You’ll feel better, be more flexible, and can even experience strength gains from regular Yin yoga classes.

Yoga teacher Amanda Webster also recommends DDP (a specialty form of yoga created by former professional wrestler Diamond Dallas Page) and Iyengar:

“I have seen amazing results from people of all levels and body types during my time as a DDP Yoga instructor,” she says. “It offers a lot of options and modifications to meet you where you are with flexibility, mobility and balance.”

“Iyengar is a great slower paced and less fitness oriented option because it focuses on proper alignment and long holds with the gratuitous use of props.”

To make your workouts as fun as possible

Yoga is often meditative and encourages you to reflect inwards.

Much of practice will be done in silence or to soft music. You’re encouraged to master your breath, clear your mind, and enter a flow state.

But it doesn’t always have to be so serious!

If you’re interested in the health benefits of yoga, but are looking to keep your workouts fun and engaging, there are tons of unique yoga classes you can try.

Look for a studio near you that offers a lot of variety. Theme nights (80s, 90s, hip hop, etc.) are fun, and if possible, see if your local studio offers:

  • Dance yoga
  • Aerial yoga
  • Paddleboard yoga
  • Naked yoga (!)
  • Animal yoga
  • Broga (yoga and beers!)

Yoga studios have some of the best and most welcoming communities of any type of fitness class around.

There’s no reason you can’t try a bunch of different practices and have some fun while you workout.

Amanda Webster says:

“If you’re just wanting to have some fun and try something crazy (I get this streak often!) or you want something even the kiddos can join in on, then give Goat Yoga a try!”

To burn maximum calories and lose weight

Yoga is a great workout for beginners because it’s approachable and low-impact.

But it’s also a fantastic way to shed a few pounds if you’re looking to trim down.

Almost any style of yoga can be a great tool for weight loss, provided you’re eating properly when not in the studio. But for the best and fastest results you’ll want to choose classes with a high calorie burn rate.

Vinyasa and other power style yoga classes will scorch calories at nearly 600 per 1 hour class — you’ll have a hard time beating that with any other workout style!

Hot yoga classes like Bikram are also a good choice. They’ll burn slightly less calories, but you’ll sweat like crazy and drop excess water quickly.

Both will improve your conditioning, strength, and mobility in addition to burning calories.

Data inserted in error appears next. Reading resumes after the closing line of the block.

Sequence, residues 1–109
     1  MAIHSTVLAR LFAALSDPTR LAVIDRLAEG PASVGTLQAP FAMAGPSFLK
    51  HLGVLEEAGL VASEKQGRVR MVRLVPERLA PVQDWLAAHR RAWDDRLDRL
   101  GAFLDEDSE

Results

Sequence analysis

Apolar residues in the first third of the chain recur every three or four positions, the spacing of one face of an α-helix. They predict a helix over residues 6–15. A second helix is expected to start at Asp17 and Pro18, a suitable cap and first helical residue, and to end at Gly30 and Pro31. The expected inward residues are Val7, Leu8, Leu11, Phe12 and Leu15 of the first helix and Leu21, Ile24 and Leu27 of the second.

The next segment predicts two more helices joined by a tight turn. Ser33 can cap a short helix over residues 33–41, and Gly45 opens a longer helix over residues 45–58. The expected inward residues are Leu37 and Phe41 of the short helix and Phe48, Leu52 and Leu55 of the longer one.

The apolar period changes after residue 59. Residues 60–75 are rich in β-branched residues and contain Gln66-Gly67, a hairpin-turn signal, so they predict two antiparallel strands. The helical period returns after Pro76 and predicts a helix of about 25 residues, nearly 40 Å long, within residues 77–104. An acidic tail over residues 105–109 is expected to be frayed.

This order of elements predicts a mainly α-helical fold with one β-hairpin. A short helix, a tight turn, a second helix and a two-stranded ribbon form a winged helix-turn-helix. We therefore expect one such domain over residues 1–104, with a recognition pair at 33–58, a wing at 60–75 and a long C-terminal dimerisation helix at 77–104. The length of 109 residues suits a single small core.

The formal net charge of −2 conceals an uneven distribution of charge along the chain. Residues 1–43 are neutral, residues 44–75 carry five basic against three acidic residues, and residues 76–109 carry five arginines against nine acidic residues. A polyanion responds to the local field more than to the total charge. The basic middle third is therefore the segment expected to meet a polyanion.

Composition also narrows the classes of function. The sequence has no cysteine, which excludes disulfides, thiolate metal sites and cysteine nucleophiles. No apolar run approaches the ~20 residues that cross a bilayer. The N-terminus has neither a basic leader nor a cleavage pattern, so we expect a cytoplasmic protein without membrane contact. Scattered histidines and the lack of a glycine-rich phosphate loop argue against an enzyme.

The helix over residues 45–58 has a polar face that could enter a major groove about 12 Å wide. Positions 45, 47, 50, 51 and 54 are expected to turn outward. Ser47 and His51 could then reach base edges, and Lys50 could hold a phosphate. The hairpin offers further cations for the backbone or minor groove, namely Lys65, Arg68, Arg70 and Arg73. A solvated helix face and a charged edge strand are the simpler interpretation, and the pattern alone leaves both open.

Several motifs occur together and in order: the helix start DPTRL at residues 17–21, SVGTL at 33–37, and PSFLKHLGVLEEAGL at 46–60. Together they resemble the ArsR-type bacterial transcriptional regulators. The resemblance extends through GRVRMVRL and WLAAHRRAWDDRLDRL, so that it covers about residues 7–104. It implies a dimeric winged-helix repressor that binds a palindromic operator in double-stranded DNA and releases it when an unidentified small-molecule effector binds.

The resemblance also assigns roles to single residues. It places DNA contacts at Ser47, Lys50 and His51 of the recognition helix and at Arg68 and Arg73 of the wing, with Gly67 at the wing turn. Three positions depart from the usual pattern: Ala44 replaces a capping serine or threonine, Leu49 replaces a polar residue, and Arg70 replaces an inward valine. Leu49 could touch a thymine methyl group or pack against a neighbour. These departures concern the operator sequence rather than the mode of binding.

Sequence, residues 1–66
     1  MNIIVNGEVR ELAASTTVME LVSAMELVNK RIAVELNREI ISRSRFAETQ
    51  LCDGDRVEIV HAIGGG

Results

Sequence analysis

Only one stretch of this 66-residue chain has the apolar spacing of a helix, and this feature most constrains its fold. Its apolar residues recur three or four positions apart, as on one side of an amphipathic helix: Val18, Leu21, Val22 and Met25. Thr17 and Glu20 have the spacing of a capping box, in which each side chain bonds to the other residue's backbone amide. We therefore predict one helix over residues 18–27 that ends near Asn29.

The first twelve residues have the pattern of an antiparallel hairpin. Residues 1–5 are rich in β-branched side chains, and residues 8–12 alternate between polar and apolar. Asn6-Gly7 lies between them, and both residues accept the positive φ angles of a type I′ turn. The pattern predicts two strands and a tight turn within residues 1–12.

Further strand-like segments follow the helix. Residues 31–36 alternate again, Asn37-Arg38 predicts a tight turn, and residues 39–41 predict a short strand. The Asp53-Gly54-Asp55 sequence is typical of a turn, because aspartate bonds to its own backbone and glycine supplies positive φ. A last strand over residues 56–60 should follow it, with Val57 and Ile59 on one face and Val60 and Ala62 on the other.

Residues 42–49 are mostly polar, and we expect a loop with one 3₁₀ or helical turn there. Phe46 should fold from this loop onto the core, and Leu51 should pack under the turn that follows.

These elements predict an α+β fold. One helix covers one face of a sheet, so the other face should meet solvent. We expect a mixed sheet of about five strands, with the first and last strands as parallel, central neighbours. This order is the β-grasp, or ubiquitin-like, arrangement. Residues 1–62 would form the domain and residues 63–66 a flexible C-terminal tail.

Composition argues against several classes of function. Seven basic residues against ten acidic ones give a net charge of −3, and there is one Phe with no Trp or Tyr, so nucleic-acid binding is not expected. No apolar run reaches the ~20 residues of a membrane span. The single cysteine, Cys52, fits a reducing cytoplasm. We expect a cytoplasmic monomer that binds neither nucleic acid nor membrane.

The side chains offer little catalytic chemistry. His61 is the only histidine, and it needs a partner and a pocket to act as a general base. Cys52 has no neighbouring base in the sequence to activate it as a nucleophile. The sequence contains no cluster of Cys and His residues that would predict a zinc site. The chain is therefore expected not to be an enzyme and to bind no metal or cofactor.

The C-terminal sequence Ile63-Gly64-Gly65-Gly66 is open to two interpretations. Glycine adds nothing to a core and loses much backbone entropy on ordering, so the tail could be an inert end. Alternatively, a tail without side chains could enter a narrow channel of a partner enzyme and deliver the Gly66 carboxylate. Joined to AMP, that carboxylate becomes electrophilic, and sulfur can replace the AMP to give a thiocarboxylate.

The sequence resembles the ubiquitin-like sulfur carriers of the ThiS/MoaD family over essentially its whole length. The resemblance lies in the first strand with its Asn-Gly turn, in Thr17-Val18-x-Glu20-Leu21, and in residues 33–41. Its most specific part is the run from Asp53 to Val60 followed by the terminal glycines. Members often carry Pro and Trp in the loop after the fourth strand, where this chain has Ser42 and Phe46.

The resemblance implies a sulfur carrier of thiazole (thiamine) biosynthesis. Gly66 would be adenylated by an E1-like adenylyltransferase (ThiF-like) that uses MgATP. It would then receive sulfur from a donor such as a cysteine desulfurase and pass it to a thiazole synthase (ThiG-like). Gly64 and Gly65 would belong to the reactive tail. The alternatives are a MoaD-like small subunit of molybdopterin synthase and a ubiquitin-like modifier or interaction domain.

There’s also some evidence that yoga encourages you to make better food choices. Remember that your diet is more than half the battle when it comes to fat loss.

To stay fit as an older adult or while rehabbing an injury

Yoga can be fast-paced and intense, but it’s also a great choice for anyone that needs a slow and more gentle workout.

It’s notoriously low-impact, easy on the bones and joints, and great for older adults or anyone rehabbing an injury.

For seniors, regular yoga practice can help improve balance and promote stronger bones — both are critical to staying healthy as you age.

Similarly, yoga is often recommended for anyone dealing with nagging injuries or chronic pain. It improves range of motion in your joints and gently elongates muscles, which can alleviate strains, pulls, and tears when done properly with supervision.

If this sounds like you, you’ll want to start with a slow and gentle yoga class that doesn’t put too much stress on your body.

Try chair yoga if you’re a senior or looking to alleviate pain. It’s extremely safe and gentle, but still has plenty of health benefits.

Maldia says, “My chair yoga class consists of people with healing injuries or are interested in a class with slower pacing. They are usually ages 70 and up. They want to move to enjoy feeling good in their body. Chair yoga also helps increase their mobility.”

Wrapping Up

You don’t have to pick just one yoga style.

Some people prefer to use yoga as a form of strength training. Others use it to clear their mind and destress.

But you can utilize yoga however you want! Take a mixture of classes to develop well-rounded physical and mental fitness, or just to have fun and stay active.

If you’re drawn to yoga but you’re not sure what your style or goals are just yet, start with some yoga basics or beginner classes and start to learn about your favorite poses.

Chat with the instructors and they can help guide you toward the right type of yoga for you.

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Hope this helps!